I don’t think I’ve ever looked more forward to a 3-day weekend than I am this July 4th holiday.  And while it’s partially because I love picnics and July 4th is always full of them, it’s mostly because I need that one extra day to work on my to-do list. 

I looked at my planner this week and July and August are going to be a revolving door of things. That’s not to say I’m not excited. There’s going to be my first 5k (7/9), IngenuityFest’s SpeakEasy 2.0 (7/15), Brick and Mortar Pop-Up with Chris Hodgson (7/11 and 13), a handful of trips to Blossom, roller derby’s season championships (7/16) and friends coming to visit. And of course – all of the blog posts about them!

However, I know that by the time August 18 rolls around, I’m going to be in desperate need of the trip to Virginia I’m taking for my birthday.

So this three-day weekend will give me the time to work on other upcoming stuff before the scheduled craziness begins Tuesday with a trip to see Jersey Boys:

NEO Food Tours

The big project right now is NEO Food Tours. Last Wednesday we wrapped the first Tremont tour and tickets for E 4th on July 20 just went on sale. With three of these signature tours under our belt, we’re expanding our line of tours starting July 10th.

The second Sunday of July is when we kick off our first Market Discovery Tour Series with the Kamm’s Corners Farmers Market Tour featuring AMP 150. It will be an ongoing series from July through October so if you can’t make it July 10, you have three more opportunities to join us on the second Sundays of August, September and October.

Seeing what Todd, Kamm’s Corners Farmers Market and AMP 150 have put together has me really excited not just to help promote the monthly series through community/media outreach, but also because as a food-lover and avid student of Cleveland it sounds like it will be a really unique tour to attend.

Here are a few things you’ll find on the tour (and tell me if this doesn’t get you excited because it has me really pumped):

  • Meet at AMP 150 in the Cleveland Airport Marriott with a mimosa toast (ok, I love AMP 150 and mimosas )
  • From AMP 150, a shuttle will take guests to the Kamm’s Corners Farmers Market (I have wanted to check out Kamm’s Corners for over a year now )
  • At Kamm’s Corners Farmers Market, enjoy a live chef demo and fare from the local market vendors (I’ve always loved our local markets and the idea of a chef demo sounds right up my alley )
  • Horse-drawn wagon from the West Park Historical Society guides the tour through the historic neighborhood (love history and learning about Cleveland’s different neighborhoods )
  • After returning to the Cleveland Airport Marriott, the culinary team at AMP 150 will serve a special fixed menu brunch (did I mention how much I love AMP 150 — so √√ and !)

Plus $5 from every ticket will be donated to Kamm’s Corners Development Corporation.  I know that Todd, myself and everyone at NEO Food Tours feel very strongly about supporting the community and giving back to organizations like KCDC, who have been active in Cleveland for over 30 years.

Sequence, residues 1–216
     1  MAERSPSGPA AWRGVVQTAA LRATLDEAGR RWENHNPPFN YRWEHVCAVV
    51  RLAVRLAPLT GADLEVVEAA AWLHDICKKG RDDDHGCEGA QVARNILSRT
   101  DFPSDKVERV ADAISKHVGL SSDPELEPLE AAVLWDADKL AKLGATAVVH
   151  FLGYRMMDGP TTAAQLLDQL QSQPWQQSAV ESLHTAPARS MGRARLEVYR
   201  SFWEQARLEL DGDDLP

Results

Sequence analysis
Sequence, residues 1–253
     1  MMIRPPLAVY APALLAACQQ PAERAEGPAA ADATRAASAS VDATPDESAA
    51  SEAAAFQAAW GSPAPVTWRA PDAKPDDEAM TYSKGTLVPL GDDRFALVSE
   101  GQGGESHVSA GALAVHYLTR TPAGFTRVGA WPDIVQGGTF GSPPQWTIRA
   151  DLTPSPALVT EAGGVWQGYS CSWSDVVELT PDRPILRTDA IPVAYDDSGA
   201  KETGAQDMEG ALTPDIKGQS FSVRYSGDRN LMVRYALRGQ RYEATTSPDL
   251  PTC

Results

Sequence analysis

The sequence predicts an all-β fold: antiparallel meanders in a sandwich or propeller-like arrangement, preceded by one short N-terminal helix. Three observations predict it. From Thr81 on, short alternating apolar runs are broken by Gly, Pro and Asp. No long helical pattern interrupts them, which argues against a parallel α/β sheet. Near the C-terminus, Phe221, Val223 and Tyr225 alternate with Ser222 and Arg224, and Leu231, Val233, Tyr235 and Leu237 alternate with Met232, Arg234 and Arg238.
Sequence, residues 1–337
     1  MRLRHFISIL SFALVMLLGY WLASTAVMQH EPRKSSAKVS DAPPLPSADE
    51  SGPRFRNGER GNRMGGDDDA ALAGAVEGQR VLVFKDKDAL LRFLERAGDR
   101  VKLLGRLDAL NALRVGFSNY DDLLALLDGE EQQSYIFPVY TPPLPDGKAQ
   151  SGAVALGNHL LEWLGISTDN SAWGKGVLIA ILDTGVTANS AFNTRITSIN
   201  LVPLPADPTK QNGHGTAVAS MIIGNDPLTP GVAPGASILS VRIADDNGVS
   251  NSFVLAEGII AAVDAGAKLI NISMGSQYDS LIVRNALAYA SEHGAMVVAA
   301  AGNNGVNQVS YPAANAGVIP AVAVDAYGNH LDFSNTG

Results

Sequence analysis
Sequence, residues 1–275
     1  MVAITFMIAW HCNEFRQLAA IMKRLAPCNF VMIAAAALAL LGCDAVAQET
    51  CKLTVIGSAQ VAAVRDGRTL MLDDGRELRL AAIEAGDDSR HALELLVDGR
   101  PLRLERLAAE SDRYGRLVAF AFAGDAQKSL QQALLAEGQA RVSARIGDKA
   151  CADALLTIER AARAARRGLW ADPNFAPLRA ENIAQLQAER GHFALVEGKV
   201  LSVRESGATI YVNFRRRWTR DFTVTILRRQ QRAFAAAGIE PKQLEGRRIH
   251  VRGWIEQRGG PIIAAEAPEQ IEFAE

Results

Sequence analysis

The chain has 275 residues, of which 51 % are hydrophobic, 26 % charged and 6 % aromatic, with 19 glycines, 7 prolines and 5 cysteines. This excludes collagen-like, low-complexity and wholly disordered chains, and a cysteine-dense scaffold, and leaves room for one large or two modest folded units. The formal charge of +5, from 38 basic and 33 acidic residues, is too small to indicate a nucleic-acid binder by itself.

Check out our Eventbrite page to buy tickets for the Kamm’s Corners Market Tour with AMP 150. Tickets to the July 20 E 4th signature tour are also available on Eventbrite.

Scott and I at this year's Jump Back Ball

Jump Back Ball 2012

In other good (but busy) news, I found out last week that I will be co-chairing Jump Back Ball 2012.

I’ve written before about PlayhouseSquare Partners (if you’re interested in joining, let me know — there are lots of benefits in addition to discounted tickets). Plus, earlier this year I had a great time blogging a first-timer’s guide to Jump Back Ball

So needless to say — I’m honored, excited and admittedly a bit nervous about co-chairing.  Fortunately, because of my co-chair Meredith, all of the other Partners, and the team at PlayhouseSquare, I know that it’ll be a fantastic night of revelry!   More details will be posted soon and throughout the coming months as planning gets underway.

With the months ahead I can’t help but be excited; however, I first need this long weekend to plow through my to-do list. And while I’m at it — take in some beautiful Cleveland fireworks. 

What are your plans for the July 4th weekend?

(photo source)

Time Traveling with Ingenuity Cleveland, Emerging Chefs and PlayhouseSquare

Scott and I finally saw Midnight in Paris last week (which hands down deserves its 92% rating on Rotten Tomatoes). His mom and sister had been urging me for weeks to see Woody Allen’s latest comedy because like Owen Wilson’s character, I can often be a sucker for nostalgia.

From shopping for vintage clothing and housewares to scooping up a well-priced antique typewriter or gramophone at a yard sale, I get giddy at finding things that hearken a lost generation.

It’s why I’m looking forward to the next couple of months, as a handful of Cleveland events hope to transport guests back in time for an evening:

Ingenuity Cleveland’s SpeakEasy 2.0 

Ingenuity Cleveland’s SpeakEasy 2.0 returns to the Detroit Superior Bridge’s subway tunnels on July 15.

20s and 30s nostalgia get thrown in a blender with the cutting edge innovation that has become a trademark of previous Ingenuity events.

Entertainment will include Vance Music Studio’s Syncopated Sin Swing Jazz Band, neo-vaudeville duo Pinch and Squeal and the Hilar-A-Tease Dancers, while screenings of Louise Brooks’ Pandora’s Box with live jazz, DJs Graydar and Lo_Tek Jackers, and appearances by Uno Lady and Dr. Sketchy add a modern twist to the evening.